- First, my wife. This trip came right after I had just spent 2 weeks away from home on a trip to Bikini Atoll. Her patience, understanding, and support for my crazy “hobby” are amazing.
- Second, thanks to Tyler Stalter, my dive and research partner. This trip would not have happened without his relationship with the NHHC and his encouragement to keep the end goal in mind even when we were faced with big obstacles.
- A big thanks to Capt. Ray Artnz, Capt. Kyaa Heller, and the dive crew of Craig Lang, Domenic Galenti, and Isaac Waurio. The trip was amazing and there isn’t another dive operation that I would use for this type of expedition. The downlines were perfect every time and the deck support for dive operations was outstanding.
- Thanks to Ivor Mollema and Meredith Blair Atcheson at the Underwater Archaeology Branch of the Naval History and Heritage Command (NHHC). They sponsored our project, liaised with the on-island personnel, and helped with access.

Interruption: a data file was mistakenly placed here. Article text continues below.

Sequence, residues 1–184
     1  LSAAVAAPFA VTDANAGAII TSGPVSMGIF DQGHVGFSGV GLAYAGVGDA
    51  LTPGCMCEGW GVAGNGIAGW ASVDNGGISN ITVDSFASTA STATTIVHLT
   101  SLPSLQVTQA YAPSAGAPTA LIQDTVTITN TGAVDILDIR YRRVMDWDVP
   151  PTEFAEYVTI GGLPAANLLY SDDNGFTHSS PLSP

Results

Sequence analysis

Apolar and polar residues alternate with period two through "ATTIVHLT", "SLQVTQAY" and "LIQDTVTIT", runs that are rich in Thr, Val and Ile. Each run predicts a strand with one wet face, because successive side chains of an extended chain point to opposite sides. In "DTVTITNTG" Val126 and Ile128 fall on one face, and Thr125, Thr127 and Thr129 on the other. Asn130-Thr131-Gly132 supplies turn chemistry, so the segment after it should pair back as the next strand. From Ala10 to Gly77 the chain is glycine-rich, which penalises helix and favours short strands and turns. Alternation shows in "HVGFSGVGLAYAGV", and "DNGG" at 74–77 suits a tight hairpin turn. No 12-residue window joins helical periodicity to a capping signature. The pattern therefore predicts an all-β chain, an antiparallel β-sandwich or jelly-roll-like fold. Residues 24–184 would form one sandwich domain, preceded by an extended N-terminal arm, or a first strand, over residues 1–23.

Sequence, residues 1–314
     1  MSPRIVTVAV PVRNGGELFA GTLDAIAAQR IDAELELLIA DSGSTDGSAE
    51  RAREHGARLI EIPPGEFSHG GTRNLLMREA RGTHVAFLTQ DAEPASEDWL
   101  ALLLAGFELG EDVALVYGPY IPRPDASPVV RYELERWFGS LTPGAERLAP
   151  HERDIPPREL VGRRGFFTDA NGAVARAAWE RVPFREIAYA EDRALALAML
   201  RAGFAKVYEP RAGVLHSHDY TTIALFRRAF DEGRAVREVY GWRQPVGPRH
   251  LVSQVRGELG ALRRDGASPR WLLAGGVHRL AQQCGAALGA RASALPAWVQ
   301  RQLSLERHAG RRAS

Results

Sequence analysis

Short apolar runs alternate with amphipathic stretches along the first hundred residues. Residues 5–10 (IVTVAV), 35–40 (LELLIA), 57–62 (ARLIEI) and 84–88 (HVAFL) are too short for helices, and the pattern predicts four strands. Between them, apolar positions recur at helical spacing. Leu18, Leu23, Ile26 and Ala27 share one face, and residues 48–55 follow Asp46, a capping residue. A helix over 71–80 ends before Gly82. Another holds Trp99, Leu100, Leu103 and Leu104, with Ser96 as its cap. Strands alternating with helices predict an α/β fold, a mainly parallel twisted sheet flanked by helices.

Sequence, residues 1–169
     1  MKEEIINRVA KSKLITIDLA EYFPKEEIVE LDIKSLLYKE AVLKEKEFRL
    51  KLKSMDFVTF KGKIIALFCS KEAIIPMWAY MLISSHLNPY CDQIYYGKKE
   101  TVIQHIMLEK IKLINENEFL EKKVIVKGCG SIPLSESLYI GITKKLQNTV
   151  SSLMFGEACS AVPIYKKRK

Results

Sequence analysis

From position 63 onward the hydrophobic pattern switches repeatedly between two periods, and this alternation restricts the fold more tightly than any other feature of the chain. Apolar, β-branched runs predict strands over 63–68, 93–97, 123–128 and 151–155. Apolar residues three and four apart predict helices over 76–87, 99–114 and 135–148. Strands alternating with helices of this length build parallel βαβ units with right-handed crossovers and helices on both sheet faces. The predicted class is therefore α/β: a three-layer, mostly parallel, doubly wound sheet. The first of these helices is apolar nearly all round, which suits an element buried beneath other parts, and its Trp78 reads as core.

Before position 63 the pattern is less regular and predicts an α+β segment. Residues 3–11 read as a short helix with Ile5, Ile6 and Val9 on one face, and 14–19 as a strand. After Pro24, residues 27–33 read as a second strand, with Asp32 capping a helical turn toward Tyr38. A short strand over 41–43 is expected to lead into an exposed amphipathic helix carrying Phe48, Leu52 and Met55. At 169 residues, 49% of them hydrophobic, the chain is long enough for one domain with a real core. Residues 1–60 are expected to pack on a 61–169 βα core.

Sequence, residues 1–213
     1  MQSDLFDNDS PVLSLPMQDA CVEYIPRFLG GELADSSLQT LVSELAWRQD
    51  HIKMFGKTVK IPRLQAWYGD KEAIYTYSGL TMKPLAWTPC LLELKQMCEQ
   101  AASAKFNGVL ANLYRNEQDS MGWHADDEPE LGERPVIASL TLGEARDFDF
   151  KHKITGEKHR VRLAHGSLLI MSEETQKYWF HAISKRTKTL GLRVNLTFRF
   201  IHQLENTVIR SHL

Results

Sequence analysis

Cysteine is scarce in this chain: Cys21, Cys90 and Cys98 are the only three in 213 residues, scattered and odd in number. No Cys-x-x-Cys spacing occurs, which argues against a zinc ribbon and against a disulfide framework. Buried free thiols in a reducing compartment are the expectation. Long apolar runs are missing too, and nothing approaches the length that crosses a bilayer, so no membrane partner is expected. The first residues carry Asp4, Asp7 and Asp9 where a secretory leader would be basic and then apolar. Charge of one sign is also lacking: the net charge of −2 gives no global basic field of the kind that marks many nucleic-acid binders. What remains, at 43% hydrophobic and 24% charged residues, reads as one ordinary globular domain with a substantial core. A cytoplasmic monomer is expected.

- The on-island operations teams were amazing to work with and we are very grateful for the opportunity to dive the sub and for the mooring at Wilson Cove. Specifically, DeForest “Deke” Joralmon, Ph.D. (Environmental Operations Manager) and George T. Stevens IV were instrumental in securing access.
- Finally, a big thanks to the dive team. We worked flawlessly together to achieve our objectives for the trip. I know taking 4,000 photos for the model imposed limits on dives and I appreciate the flexibility.
Proceedings of the First Conference on the Environmental Effects of Explosives and Explosions (May 30-31, 1973) by George A. Young, Naval Ordinance Laboratory. Supplied by Steve Lawson.